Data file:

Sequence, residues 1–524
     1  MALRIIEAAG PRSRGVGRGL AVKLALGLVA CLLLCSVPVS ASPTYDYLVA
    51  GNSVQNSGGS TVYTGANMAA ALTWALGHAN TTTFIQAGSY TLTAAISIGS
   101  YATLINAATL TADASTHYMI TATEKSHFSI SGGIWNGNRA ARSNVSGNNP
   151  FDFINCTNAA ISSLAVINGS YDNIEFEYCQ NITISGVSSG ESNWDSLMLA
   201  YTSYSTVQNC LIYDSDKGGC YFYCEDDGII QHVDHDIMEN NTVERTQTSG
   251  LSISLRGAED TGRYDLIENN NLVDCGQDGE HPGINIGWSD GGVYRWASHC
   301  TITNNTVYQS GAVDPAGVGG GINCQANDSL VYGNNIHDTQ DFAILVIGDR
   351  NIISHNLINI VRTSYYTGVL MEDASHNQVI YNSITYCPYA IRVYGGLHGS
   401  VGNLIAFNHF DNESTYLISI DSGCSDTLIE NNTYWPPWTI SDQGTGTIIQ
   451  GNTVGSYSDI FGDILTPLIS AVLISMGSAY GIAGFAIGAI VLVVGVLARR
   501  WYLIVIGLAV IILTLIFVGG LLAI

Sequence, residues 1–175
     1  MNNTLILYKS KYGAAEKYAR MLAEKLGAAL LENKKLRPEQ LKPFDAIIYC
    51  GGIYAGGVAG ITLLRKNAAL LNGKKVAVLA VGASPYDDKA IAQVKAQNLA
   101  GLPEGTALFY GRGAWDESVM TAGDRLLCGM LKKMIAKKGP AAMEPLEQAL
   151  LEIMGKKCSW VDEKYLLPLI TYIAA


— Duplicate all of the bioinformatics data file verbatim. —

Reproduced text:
Sequence, residues 1–524
     1  MALRIIEAAG PRSRGVGRGL AVKLALGLVA CLLLCSVPVS ASPTYDYLVA
    51  GNSVQNSGGS TVYTGANMAA ALTWALGHAN TTTFIQAGSY TLTAAISIGS
   101  YATLINAATL TADASTHYMI TATEKSHFSI SGGIWNGNRA ARSNVSGNNP
   151  FDFINCTNAA ISSLAVINGS YDNIEFEYCQ NITISGVSSG ESNWDSLMLA
   201  YTSYSTVQNC LIYDSDKGGC YFYCEDDGII QHVDHDIMEN NTVERTQTSG
   251  LSISLRGAED TGRYDLIENN NLVDCGQDGE HPGINIGWSD GGVYRWASHC
   301  TITNNTVYQS GAVDPAGVGG GINCQANDSL VYGNNIHDTQ DFAILVIGDR
   351  NIISHNLINI VRTSYYTGVL MEDASHNQVI YNSITYCPYA IRVYGGLHGS
   401  VGNLIAFNHF DNESTYLISI DSGCSDTLIE NNTYWPPWTI SDQGTGTIIQ
   451  GNTVGSYSDI FGDILTPLIS AVLISMGSAY GIAGFAIGAI VLVVGVLARR
   501  WYLIVIGLAV IILTLIFVGG LLAI

Sequence, residues 1–175
     1  MNNTLILYKS KYGAAEKYAR MLAEKLGAAL LENKKLRPEQ LKPFDAIIYC
    51  GGIYAGGVAG ITLLRKNAAL LNGKKVAVLA VGASPYDDKA IAQVKAQNLA
   101  GLPEGTALFY GRGAWDESVM TAGDRLLCGM LKKMIAKKGP AAMEPLEQAL
   151  LEIMGKKCSW VDEKYLLPLI TYIAA